“Gandhi succeeded in his variation on the prisoner’s dilemma because the British were not willing to resort to the ultimate defection. A player, like the Nazis, willing to stop at nothing, creates an illogical loop much like the one that results when two players play a series for a known number of moves. Since, on the last move, the future has no shadow, I might as well defect. Since the other player will certainly be smart enough to defect on that move as well, I may as well defect on the move before, when he may still be cooperating. But, since he is smart enough to reason this through the way I did, he will probably defect on that move too. So again I will consider defecting a move earlier. But so will he. The result: we both defect on the first move and each move afterwards. Because the scorpion will kill you as soon as it is given a chance, you must find a way to defect earlier than the scorpion, and decisively. But the scorpion will study the situation, looking for a way to defect earlier than you can; so you must assume he will do so, and seek to defect earlier still. Like gunfighters in a Western movie who run down the street at each other, howling and shooting as soon as they catch sight of each other, the prisoner’s dilemma escalates into an immediate duel to the death. The concept of a pre-emptive strike expresses nothing other than a strategy based on defecting early and decisively. Tarquinian’s symbolic cutting of the tops from the tallest flowers, or the massacre of opponents after any coup d’etat in history, are other examples.

“It is the scorpion that pulls humanity down. If you are not yourself a scorpion, you still are unable to play every move of every game in the cooperation zone, because sooner or later you will meet a scorpion. Not every scorpion is a suicide bomber; the law partner who made a successful motion to cut my draw, forcing my resignation from a law firm, suffered the symbolic fate of the scorpion when the firm’s biggest client (the one I alone knew how to service) left as a result, and the firm folded. Yeats’ judgment that “things fall apart, the center cannot hold”, because “the worst are full of passionate intensity” is a recognition of the fact that there are scorpions.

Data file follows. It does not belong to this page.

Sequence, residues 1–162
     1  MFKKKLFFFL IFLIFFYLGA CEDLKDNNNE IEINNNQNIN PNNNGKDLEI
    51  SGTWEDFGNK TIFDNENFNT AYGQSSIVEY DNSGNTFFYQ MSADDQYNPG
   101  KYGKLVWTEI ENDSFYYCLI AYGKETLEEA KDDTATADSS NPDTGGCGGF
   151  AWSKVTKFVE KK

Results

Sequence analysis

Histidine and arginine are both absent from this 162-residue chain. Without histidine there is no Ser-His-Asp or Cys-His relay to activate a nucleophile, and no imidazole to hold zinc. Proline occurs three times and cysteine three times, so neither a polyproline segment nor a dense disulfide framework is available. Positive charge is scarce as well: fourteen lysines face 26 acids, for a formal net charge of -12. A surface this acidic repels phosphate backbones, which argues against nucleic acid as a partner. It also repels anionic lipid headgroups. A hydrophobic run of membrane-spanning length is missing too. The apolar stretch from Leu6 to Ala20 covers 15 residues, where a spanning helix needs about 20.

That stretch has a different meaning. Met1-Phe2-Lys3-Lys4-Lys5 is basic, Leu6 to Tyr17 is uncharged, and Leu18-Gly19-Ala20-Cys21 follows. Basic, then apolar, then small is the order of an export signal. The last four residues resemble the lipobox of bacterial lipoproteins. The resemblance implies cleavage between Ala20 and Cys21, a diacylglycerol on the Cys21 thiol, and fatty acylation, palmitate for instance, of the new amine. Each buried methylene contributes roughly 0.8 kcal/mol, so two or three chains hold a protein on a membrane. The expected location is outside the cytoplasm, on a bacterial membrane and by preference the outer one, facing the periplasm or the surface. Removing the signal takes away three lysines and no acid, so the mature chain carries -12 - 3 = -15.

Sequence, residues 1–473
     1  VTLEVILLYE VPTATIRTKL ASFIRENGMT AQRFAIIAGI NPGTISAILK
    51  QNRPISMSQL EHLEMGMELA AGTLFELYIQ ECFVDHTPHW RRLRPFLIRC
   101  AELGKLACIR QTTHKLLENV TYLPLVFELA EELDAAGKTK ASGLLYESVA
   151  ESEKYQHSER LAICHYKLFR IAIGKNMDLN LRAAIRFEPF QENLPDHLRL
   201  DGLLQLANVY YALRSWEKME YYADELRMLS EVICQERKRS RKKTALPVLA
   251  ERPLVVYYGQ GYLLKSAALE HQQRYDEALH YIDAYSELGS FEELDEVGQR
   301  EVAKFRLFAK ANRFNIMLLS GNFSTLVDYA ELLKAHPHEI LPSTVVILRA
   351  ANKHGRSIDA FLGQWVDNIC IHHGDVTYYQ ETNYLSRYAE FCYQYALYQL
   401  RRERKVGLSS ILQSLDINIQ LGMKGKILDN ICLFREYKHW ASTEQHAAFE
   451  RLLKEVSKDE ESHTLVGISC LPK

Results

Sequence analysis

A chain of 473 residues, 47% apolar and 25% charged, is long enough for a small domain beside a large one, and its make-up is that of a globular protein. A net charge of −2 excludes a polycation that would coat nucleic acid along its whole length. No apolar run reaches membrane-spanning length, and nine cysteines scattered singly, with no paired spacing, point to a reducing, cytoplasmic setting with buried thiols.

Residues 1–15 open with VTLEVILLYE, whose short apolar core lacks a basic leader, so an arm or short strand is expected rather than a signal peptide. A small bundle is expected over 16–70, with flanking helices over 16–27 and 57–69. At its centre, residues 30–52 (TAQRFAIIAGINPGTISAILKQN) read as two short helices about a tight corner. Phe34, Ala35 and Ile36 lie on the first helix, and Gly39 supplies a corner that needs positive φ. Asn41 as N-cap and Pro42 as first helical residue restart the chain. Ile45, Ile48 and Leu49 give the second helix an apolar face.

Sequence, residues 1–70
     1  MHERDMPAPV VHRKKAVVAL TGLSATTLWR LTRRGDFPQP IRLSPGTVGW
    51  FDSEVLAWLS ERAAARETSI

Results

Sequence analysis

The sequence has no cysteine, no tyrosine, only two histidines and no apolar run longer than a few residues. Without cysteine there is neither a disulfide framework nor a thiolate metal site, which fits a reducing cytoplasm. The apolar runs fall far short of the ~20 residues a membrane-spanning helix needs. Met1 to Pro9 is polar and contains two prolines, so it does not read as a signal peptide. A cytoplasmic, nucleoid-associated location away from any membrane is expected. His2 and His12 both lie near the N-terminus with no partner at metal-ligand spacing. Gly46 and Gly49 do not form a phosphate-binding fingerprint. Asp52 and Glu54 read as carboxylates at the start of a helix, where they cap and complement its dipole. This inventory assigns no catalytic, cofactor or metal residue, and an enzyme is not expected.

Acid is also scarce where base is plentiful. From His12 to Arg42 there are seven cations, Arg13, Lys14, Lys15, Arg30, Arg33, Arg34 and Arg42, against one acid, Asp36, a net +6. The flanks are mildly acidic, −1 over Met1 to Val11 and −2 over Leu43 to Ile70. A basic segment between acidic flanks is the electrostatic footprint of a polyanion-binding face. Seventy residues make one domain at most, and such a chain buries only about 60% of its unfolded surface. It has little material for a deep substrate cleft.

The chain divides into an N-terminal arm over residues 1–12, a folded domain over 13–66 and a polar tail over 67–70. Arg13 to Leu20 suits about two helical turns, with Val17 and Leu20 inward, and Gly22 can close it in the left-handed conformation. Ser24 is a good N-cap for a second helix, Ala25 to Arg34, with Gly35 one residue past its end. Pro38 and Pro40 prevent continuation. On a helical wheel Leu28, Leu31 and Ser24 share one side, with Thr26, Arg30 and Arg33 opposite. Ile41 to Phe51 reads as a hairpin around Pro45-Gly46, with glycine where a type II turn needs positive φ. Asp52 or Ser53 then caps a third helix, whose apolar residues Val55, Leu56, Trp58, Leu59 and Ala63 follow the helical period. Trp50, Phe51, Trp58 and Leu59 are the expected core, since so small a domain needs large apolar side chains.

“Scorpions may know the consequences, and not care, like the suicide bomber, or may, through vanity and denial, refuse to see the consequences, like my ex-partner. In any event, the effect is the same: a player defects when there is no reason to, and something–a life, an enterprise–ends as a result.

“Game theory does not really take scorpions into account. It holds that people will defect because that is in their best interest–because the future has no shadow. Game theory fails as a tool when we are dealing with sociopathology or extreme denial. The human dilemma is that all progress ultimately fails or at least slides back, that anything once proven must be proven again a myriad of times, that there is nothing so well established that a fundamentalist (of any religion or stripe) cannot be found to deny it, and suffer the consequences, and then deny that he suffered the consequences.”

http://www.spectacle.org/995/scorp.html

Sweet Retreat

One of many sweet moments on retreat. Some of us went to a coffeehouse during lunch break. This coffee has vanilla, ginger, and black salt. Yum! The wonderful people who go on these retreats are forming a local sangha to meet once a month. New dharma friends! Homeless no more! The Theravadins can keep their ridiculous retreat hours, semi-fasting,, and noble silence. This is the way to do a retreat, American style!